outcomes they study (and we know that these effects are
 The second
 essay dealt with the complexity of
ferreting out a parenting effect among the bewildering
complexity of gene-environment correlation and interactions.
 I also introduced you to the idea that epigenetics is
unlikely to be the savior that many thought it was guaranteed
to be.  For the third installment, Razib and I have tried
to illustrate a fundamental evolutionary point: heritability
matters.  Once again using parents as an exemplar.

Parents pass genes to their children.  In a Darwinian
sense, this is of incredible importance.  Darwin, the
brilliant scientist, prescient about so much, was nonetheless
unaware that genes were the “packets of inheritance”
responsible for making parents and progeny similar to one
another.  It took the “religious” devotion of a monk
(Mendel) to drive that point home.  Regarding those genes,
Richard Dawkins poetically pointed out that (p.20):

They are in you and in me; they created us, body and mind;
and their preservation is the ultimate rationale for our
existence. They have come a long way, those replicators. Now
they go by the name of genes, and we are their survival

Granted, this is probably not the defense of parents that you
wanted, but then again, we never promised to deliver
(necessarily) what you wanted.  We did intend to provide a
“big-picture” rationale for why parents matter and why
heritability does too.  In that regard, there is no better
way to make the point then evolutionarily.  Parents matter
because they pass genes from their generation to the next;
that’s a pretty big deal in our estimation.

If what you were looking for is an impassioned crusade for why
a certain approach to parenting is essential to civilized
society, you won’t find that here.  There are times when
it is best to let go of the feelings that you have regarding
how the world works. In many cases, your self-assurance
regarding your knowledge on some topic affords you little
protection from science (anyone joining up for
the Flat Earth Society these days?).
 Famed biologist Robert Trivers strained our intuitions
about the nature of parenting years ago by pointing out that
the interests of mom and dad are not always the same as their
filial creation (their child*5).  Behavior
genetic studies were the flood that further obliterated the dam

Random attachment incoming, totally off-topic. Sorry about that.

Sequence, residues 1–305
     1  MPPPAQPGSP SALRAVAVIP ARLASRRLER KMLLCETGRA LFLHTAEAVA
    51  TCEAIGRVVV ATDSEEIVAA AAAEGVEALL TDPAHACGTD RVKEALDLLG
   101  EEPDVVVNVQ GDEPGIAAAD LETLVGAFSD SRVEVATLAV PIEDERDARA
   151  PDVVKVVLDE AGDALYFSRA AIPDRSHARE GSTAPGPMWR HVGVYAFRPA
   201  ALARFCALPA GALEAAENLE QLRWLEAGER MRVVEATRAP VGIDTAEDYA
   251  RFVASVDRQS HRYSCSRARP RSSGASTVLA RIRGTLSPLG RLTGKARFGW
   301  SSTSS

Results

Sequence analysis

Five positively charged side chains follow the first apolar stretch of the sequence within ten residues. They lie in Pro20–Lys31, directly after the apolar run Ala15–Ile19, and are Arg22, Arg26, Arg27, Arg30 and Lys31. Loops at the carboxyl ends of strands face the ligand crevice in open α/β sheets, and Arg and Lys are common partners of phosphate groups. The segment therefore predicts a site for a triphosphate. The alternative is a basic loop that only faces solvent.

(for some context as to how parenting effects can be
reconsidered, see my previous essay How
to Find a Parenting Effect
).  Parenting styles in
the normal range of variation simply do not shed much insight
into why people differ.

So that you don’t depart this parenting trilogy feeling too
upset, though, consider a final point.  Your parents are
important to you.  Do you really need to
tack on the qualifier that they molded you like a ball of clay?
 In order for you to appreciate your parents, must it be
the case that they injected your personality directly into your
head?  They didn’t, they injected it into your DNA (lovely
image, right).  Your environment outside the home, as well
as pure luck and happenstance shaped it from there.  You
can still love and appreciate your parents, though.  Not
one thing must change.  So as not to break with tradition
from our first two parenting discussions, we leave you with the
insights of someone else.  This time, Paul Simon has the
last word.

“Still, a man hears what he wants to hear and disregards the


This article was originally published in


Razib Khan is
a writer and doctoral candidate in genomics at the University
of California. Follow him on Twitter: @razibkhan

Brian Boutwell is an Associate Professor of Criminology
and Criminal Justice at Saint Louis University. Follow him on
Twitter: @fsnole1



  1. Find us two other academics that can work Lewis Carroll and
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  4. For a striking example, see: Frisell, T., Lichtenstein, P.,
    & Långström, N. (2011). Violent crime runs in families: a
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    individuals. Psychological medicine, 41(01),
  5. Trivers, R. L. (1974). Parent-offspring
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  6. Simon and Garfunkel; The Boxer


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Tags: brian
, epigenetic
, genetics, heritability, parenting effects, razib khan